An exercising horse’s muscles produce a tremendous amount of heat. And that heat can build up to dangerous levels that can damage organs or even cause death. The horse has to have a way to eliminate that heat from his body and, of course, by far the most efficient method of heat loss is by evaporation of sweat from the horse’s skin.
The dilation of blood vessels close to the skin brings hot blood to the surface so heat can be lost by convection, where heat is transferred to and carried off by the air currents passing over the horse’s body. The Catch-22 is that sweating means fluid loss, and fluid loss easily leads to dehydration.
To perform, your horse has to control body heat. To do that, he must sweat and will lose tremendous amounts of water and electrolytes in the process. The horse’s body is about 60% water, but most of that is inside the cells. A 1,100-pound horse has about 100 liters of fluid in the spaces around cells and circulating in the blood, and about 25 liters of that is blood volume. When you consider that a horse working in high heat can be producing 15 liters of sweat an hour, it’s not hard to picture how easily they can get into trouble.
The Full Tank
The first step in keeping these sweat losses manageable is to make sure you start out with as much on board as possible. The horse’s body carefully regulates the amount of salt/sodium and water it contains, but the horse does have an on-board tank you can take advantage of: his intestinal tract.
The horse’s large intestine holds 20 to 24 gallons of fluid. How much the horse has in there has a lot to do with his diet. Horses on high-fiber diets containing generous amounts of hay will drink considerably more and have more water in their intestinal tract than horses fed large amounts of grain or pelleted diets. Horses on fresh grass have a ”prehydrated” diet since live plants contain about 85% water. Although this ”internal canteen” is no substitute for liberal watering during and after exercise, it can help supplement it to some extent.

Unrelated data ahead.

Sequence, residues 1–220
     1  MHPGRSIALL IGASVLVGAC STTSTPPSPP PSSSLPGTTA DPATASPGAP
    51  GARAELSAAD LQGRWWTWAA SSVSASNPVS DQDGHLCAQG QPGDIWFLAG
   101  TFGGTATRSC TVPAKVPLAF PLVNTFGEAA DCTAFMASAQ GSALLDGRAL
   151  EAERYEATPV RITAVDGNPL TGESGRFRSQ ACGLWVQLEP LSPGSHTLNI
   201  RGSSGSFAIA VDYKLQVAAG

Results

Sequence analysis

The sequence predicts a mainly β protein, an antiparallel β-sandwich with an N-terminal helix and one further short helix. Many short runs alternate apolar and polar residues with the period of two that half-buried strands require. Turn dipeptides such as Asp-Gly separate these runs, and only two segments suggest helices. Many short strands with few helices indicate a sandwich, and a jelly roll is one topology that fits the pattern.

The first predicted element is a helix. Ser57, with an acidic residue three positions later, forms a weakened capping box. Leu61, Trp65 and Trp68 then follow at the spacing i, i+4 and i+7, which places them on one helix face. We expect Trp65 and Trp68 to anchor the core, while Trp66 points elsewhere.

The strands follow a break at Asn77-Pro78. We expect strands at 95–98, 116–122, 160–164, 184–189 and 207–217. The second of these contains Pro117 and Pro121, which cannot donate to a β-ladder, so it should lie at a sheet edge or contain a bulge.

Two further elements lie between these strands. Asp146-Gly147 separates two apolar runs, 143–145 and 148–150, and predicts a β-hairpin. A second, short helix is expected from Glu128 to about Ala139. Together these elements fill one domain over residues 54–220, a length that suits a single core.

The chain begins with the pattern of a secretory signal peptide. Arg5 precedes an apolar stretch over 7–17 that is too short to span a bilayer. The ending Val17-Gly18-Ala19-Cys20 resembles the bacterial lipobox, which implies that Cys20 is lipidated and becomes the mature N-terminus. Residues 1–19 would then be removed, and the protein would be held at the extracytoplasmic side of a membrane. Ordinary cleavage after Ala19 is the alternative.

Sweating also means loss of electrolytes, which must be replaced or the horse won’t drink well, even if significantly dehydrated. This is because a large part of the horse’s drive to drink comes from rising concentrations of sodium in the blood. If the sodium lost in sweat is not replaced, this rise doesn’t happen and the horse’s brain doesn’t register that he’s dehydrated.
Pre-exercise strategies and that ”internal canteen” intestinal tract can help you out here, too. An additional one or two ounces of salt per day on top of the horse’s minimum salt requirements (the salt intake baseline is two ounces of salt per day) for a few days prior to the time you know your horse will be facing a long or hard day’s work in the heat will help guarantee he drinks maximally. Giving 2 oz. of a balanced electrolyte solution that matches sweat losses with the morning meal on days the horse will work long or hard gives you a head start on meeting sweat losses with exercise. See our March 2007 issue for information on selecting an electrolyte (www.horse-journal.com).
Human athletes replace water, electrolytes and carbohydrate/sugar frequently when exercising, as often as every 15 minutes. We’ve all seen these liquids being handed off to marathon runners on the fly. This would be ideal for horses, too, but since they can’t drink and keep moving at the same time, we are resigned to playing catch-up at rest stops, between classes, or between phases of a competition.
Plain water consumption without replacing electrolytes isn’t ideal. However, there are several different schools of thought, and even conflicting studies, regarding electrolyte supplementation during prolonged exercise. Part of the problem, again, is playing catch-up rather than staying on top of the problem. One thing is for sure, though. Pasting/syringing in concentrated electrolyte solutions without the horse being able, or willing, to drink adequate water to match can make things worse.
A middle-ground solution favored by many researchers is to provide salted water of the same or somewhat lower sodium concentration as the blood and extracellular fluids. Horses offered saline drank more and were better hydrated. Even the temperature of the water has an effect: